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Scale Alone Does not Improve Mechanistic Interpretability in Vision Models

Roland S. Zimmermann · Thomas Klein · Wieland Brendel

Great Hall & Hall B1+B2 (level 1) #926
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[ Paper [ Poster [ OpenReview
Wed 13 Dec 8:45 a.m. PST — 10:45 a.m. PST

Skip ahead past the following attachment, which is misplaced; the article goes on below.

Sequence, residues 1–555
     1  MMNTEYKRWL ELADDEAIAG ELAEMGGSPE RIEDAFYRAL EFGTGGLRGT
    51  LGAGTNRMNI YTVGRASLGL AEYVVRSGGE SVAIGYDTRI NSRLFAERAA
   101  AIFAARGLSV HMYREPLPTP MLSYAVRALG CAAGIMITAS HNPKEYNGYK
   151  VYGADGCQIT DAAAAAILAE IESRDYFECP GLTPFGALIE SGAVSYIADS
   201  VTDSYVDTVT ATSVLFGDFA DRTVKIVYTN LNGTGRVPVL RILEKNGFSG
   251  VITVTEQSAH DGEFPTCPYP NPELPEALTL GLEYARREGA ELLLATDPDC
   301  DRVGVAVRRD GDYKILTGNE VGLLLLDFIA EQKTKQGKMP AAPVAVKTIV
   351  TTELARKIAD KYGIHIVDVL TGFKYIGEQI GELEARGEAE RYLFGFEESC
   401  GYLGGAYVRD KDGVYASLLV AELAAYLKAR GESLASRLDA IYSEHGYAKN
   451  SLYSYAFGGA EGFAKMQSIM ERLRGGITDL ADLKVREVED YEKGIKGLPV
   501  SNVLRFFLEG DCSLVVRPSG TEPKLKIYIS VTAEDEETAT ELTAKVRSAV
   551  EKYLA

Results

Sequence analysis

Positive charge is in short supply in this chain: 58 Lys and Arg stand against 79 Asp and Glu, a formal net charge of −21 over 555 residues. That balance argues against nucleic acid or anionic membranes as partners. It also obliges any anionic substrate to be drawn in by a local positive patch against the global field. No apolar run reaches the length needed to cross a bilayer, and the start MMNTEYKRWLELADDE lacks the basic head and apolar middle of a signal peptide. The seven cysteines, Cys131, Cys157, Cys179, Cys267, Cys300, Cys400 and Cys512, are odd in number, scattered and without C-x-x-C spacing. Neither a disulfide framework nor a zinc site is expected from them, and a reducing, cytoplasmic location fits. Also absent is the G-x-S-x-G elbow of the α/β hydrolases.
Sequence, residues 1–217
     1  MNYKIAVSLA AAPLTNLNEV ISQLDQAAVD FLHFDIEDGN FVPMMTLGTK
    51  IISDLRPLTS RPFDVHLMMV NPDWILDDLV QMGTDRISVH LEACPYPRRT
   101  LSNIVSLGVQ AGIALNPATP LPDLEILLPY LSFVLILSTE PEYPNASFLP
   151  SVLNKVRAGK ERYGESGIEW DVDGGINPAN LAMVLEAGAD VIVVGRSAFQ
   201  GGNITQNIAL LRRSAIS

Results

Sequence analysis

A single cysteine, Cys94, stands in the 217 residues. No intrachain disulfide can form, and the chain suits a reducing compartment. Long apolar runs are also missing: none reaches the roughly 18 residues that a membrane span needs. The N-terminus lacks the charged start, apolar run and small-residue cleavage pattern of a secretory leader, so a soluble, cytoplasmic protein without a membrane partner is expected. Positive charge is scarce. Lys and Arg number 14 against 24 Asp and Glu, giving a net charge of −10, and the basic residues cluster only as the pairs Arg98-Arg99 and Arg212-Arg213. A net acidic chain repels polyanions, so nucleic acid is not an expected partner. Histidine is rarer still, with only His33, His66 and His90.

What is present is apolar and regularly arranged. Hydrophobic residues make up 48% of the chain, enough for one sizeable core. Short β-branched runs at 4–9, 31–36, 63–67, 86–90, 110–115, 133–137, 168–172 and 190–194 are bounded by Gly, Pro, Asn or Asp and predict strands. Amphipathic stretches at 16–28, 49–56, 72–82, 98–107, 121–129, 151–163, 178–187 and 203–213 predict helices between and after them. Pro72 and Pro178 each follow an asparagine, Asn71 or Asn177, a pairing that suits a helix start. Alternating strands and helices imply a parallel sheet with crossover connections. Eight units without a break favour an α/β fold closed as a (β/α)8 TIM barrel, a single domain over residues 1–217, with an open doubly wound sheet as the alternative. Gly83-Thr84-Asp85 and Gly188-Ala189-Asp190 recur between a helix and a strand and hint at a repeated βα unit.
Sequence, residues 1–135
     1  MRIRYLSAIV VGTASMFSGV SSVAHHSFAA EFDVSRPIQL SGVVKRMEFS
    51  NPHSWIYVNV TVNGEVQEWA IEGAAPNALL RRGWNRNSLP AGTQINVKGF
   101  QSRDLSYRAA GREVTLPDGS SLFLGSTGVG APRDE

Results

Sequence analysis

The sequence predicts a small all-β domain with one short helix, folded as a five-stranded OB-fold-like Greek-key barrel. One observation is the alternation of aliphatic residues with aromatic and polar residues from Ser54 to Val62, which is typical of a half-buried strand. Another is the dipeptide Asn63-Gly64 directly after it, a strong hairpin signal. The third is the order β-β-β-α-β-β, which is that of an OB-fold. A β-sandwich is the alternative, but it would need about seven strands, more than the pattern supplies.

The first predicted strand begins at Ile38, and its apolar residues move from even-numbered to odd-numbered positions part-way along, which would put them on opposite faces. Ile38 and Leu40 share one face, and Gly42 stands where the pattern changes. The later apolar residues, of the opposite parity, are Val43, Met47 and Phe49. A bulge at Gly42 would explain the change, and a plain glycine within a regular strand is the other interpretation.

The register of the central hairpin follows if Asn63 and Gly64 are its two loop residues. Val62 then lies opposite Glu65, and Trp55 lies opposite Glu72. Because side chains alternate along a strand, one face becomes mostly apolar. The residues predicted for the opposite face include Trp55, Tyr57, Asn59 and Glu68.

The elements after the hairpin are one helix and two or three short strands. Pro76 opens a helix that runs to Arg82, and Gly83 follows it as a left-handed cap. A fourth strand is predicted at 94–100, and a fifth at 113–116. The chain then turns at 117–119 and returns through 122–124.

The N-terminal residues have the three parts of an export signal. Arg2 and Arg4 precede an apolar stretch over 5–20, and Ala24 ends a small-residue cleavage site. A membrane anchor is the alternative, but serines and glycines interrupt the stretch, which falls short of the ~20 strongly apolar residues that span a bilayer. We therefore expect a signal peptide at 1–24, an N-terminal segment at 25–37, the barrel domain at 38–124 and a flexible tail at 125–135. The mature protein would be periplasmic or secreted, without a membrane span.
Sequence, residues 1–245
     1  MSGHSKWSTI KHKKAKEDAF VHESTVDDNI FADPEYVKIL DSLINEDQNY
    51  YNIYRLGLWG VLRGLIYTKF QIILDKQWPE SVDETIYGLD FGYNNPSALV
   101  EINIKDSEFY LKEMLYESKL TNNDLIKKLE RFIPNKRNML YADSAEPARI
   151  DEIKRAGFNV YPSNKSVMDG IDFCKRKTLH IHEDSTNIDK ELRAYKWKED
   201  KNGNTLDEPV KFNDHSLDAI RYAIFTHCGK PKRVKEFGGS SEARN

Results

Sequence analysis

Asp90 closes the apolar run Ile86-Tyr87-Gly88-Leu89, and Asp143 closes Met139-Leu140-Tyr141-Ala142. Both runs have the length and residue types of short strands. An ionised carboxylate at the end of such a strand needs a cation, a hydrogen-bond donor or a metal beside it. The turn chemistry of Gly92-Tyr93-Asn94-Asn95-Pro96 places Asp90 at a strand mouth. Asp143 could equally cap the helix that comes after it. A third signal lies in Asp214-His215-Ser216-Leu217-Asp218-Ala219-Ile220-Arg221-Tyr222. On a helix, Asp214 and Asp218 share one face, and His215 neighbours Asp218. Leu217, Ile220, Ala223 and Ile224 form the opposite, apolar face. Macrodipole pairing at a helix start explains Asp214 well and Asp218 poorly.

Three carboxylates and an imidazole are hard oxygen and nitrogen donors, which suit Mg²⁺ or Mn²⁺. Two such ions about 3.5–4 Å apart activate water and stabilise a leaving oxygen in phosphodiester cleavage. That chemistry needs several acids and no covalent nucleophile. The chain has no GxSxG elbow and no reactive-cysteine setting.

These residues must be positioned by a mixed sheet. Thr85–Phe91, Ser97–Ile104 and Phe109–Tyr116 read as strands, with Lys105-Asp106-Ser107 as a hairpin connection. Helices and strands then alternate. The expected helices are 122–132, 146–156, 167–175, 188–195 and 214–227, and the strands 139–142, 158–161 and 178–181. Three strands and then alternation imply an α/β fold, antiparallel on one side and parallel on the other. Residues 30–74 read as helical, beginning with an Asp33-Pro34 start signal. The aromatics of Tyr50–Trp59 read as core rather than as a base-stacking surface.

In light of the recent widespread adoption of AI systems, understanding the internal information processing of neural networks has become increasingly critical. Most recently, machine vision has seen remarkable progress by scaling neural networks to unprecedented levels in dataset and model size. We here ask whether this extraordinary increase in scale also positively impacts the field of mechanistic interpretability. In other words, has our understanding of the inner workings of scaled neural networks improved as well? We use a psychophysical paradigm to quantify one form of mechanistic interpretability for a diverse suite of nine models and find no scaling effect for interpretability - neither for model nor dataset size. Specifically, none of the investigated state-of-the-art models are easier to interpret than the GoogLeNet model from almost a decade ago. Latest-generation vision models appear even less interpretable than older architectures, hinting at a regression rather than improvement, with modern models sacrificing interpretability for accuracy. These results highlight the need for models explicitly designed to be mechanistically interpretable and the need for more helpful interpretability methods to increase our understanding of networks at an atomic level. We release a dataset containing more than 130'000 human responses from our psychophysical evaluation of 767 units across nine models. This dataset facilitates research on automated instead of human-based interpretability evaluations, which can ultimately be leveraged to directly optimize the mechanistic interpretability of models.

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